Fig P2(a) Walk along the pathway. the width of the pathway is determined. so that the end of its shadow is at the same place as the end of the shadow of the tree. Students will find that the mirror should be at least half his/her height. As part of this project students should think of examples involving different geometrical properties of triangles and circles. in the following examples the student discovers situations in which properties of similar triangles learnt in the classroom are useful. Walk another known distance to S.
Fix a pole at Q directly opposite to a tree P on the other side of pathway.Project 2
Geometry in real life
Description In this project we try to find situations in daily life where geometrical notions can be effectively used. To find the height of a tree: Place a ruler upright in the shadow of the tree. walk at right angles to the pathway till the point T is reached.
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. 1.

Fig P2(b)
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They will collect the following data by visiting any (say)10 classrooms in the school. probabilty found through experiment approaches the calculated probability. e.g. 2. the actual fraction of children born in January = 38/500 Probability for a child to have birthday in January = 31/365 The students may increase their sample size. i. They will investigate if the fraction actually obtained in step 3 tallies with the calculated probability obtained for each month.Project 3
Experiment on Probability
Objective To appreciate that finding probability through experiment is different from finding proability by calculation. increase the number of observations and study if the actual fraction approaches the calculated probability. They should use a random sample for this purpose.
4. Description 1.: If total number of children whose birthday falls in the month of January is 38 and the total number of students is 500. … December from the data given in the table. The teacher may ask the students to either work individually or at most in groups of two.
They will obtain the fraction of number of children having their birthday in the month of January. 5.
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. They will make a pie-diagram from the recorded data. February.
6.e.
3. Students become sesitive towards the fact that if they increase the number of observaions.

Description 1. The new co-ordinates of the vertices and the centroid are noted again. Enhance familiarity with co-ordinate geometry. 5. The co-ordinates of the vertices of the triangle and its centroid are noted. The triangular cut-out is displaced (along x-axis. The project will develop their familiarity with co-ordinates. Result Students will verify that under any displacement and rotation of a triangle the distances between vertices remain unchanged.
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. distances between the vertices of the triangle are obtained for the triangle in original position and in various displaced and rotated positions. along y-axis or along any other direction). this time by rotating the triangle as well as displacing it. A cut-out of a geometrical figure such as a triangle is made and placed on a rectangular sheet of paper marked with x and y-axes. students will obtain the ratio in which the centroid divides the medians for various displaced and rotated positions of the triangle. namely that the length of sides of a triangle and the (relative) location of the centroid do not change when the triangle is displaced and / or rotated. 7. 4. The new co-ordinates of vertices and centroid are noted again. The procedure is repeated. also the centroid divides the medians in the ratio 2:1 in all cases.Project 4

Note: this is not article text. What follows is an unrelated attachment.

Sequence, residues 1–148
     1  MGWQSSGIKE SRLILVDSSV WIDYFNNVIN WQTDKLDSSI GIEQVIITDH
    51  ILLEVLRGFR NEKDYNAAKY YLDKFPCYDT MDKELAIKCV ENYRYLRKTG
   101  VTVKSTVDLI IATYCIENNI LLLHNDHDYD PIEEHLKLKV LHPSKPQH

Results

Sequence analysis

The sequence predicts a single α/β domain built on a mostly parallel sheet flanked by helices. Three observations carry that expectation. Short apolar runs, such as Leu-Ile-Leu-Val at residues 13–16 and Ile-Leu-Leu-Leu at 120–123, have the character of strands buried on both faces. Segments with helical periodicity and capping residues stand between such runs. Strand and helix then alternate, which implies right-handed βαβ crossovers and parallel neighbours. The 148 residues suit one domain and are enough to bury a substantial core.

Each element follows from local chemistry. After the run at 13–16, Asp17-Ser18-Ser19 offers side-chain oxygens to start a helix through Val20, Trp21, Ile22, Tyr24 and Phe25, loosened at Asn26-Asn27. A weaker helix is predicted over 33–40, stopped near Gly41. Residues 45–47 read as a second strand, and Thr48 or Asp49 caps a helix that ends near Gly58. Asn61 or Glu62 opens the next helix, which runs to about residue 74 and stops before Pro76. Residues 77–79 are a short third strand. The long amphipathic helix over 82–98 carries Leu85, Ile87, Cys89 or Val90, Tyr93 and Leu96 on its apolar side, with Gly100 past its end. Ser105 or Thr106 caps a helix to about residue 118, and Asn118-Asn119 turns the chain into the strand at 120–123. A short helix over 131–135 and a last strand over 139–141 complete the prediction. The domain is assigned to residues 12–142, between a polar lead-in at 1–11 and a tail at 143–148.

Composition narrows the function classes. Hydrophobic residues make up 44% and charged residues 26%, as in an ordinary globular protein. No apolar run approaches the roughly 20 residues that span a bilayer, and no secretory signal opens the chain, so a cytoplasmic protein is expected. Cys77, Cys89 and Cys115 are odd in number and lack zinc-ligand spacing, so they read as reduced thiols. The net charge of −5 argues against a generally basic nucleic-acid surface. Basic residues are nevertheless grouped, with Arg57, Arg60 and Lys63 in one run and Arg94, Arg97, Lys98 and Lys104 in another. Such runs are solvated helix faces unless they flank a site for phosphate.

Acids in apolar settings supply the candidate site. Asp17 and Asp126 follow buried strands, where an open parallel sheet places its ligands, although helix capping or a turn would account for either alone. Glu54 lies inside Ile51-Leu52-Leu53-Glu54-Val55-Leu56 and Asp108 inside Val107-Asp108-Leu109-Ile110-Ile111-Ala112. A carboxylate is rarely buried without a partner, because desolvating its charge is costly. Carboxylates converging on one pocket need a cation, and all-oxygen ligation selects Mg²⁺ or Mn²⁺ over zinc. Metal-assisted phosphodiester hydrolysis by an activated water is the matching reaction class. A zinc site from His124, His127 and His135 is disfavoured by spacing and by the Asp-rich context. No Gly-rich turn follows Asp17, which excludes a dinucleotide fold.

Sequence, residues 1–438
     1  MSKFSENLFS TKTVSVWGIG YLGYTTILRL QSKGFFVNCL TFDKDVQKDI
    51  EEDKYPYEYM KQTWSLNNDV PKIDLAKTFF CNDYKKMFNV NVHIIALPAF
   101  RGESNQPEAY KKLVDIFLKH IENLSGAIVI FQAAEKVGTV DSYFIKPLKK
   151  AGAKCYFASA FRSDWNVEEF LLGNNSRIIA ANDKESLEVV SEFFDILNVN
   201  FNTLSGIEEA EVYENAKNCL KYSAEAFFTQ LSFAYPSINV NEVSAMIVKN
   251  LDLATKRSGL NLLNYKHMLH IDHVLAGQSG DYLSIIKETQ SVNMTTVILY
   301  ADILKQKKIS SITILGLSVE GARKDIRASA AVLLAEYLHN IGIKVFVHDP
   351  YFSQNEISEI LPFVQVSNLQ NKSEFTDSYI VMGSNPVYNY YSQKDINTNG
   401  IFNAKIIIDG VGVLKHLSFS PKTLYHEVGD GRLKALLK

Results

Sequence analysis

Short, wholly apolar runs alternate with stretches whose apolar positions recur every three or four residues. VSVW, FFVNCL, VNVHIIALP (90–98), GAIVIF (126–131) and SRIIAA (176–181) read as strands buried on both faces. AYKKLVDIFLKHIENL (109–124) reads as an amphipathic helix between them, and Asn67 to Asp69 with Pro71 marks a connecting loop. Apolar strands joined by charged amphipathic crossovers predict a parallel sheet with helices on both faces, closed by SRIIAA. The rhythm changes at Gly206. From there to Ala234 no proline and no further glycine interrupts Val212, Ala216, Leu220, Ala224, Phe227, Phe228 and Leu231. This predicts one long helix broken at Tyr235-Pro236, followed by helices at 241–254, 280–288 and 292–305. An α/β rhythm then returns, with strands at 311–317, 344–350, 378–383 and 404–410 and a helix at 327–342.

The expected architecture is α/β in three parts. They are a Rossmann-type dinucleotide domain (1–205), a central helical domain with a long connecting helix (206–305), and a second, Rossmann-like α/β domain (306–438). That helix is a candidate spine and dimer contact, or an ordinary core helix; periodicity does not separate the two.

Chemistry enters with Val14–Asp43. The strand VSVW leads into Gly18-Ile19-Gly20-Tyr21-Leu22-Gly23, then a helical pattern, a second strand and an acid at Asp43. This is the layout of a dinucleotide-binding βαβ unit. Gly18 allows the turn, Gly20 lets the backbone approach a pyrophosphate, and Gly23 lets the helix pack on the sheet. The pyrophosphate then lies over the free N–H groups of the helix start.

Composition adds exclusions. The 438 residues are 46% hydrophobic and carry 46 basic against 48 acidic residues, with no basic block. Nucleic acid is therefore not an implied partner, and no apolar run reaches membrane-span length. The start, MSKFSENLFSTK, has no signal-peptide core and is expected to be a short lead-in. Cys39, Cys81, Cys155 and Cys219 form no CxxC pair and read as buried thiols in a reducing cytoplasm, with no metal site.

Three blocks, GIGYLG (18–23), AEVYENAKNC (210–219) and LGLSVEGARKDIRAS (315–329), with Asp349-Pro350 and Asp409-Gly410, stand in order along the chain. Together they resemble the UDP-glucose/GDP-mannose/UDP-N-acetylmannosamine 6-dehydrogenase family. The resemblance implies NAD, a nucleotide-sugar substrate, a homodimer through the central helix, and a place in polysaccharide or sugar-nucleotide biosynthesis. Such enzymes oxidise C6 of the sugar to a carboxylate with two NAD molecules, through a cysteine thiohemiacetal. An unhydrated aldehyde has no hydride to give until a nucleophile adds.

Displacement and rotation of a geometrical figure
Objective To study the distance between different points of a geometrical figure when it is displaced and / or rotated. Conclusion In this project the students verify (by the method of co-ordinate geometry) what is obvious geometrically. distance formula and section formula of coordinate geometry. 2. Using the distance formula. 6. Using the new co-ordinates of the vertices and the centroids. 3.

magazine. They will read every word and obtain a frequency table for each letter of the alphabet as follows
4. three-letter words.
Select 10 different words from the text which have frequency greater than 1. e. Description 1. newspaper. 3. 10 in decreasing order of their frequency. Obtain a table as follows
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. …. Give ranks 1. …. textbook. 2. The teacher may ask the students to work individually or in groups of two.. Students will select any paragraph containing approximately 250 words from any source.g. so on and obtain a frequency table as follows
5. 3.Project 5
Frequency of letters / words in a language
Objective Analysis of a language text.
They will note down the number of two-letter words. 2. using graphical and pie chart techniques. etc.

(The pie chart will thus have 6 sectors. o.) g) Compare the percentage of vowels with that of consonants in the given text.
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. Note any interesting patterns. e.. i. What do you observe? Do you see any interesting pattern? c) Repeat the experiment by choosing text from any other language that you know and see if any common pattern emerges. and so on. and remaining letters. From table 2 a) Compare the frequency of two letter words. u. three letter words. b) Make a pie chart. From table 3 a) The relation between the frequency of a word to its rank. …. b) Plot a graph between the frequency and reciprocal of word rank.
Investigate the following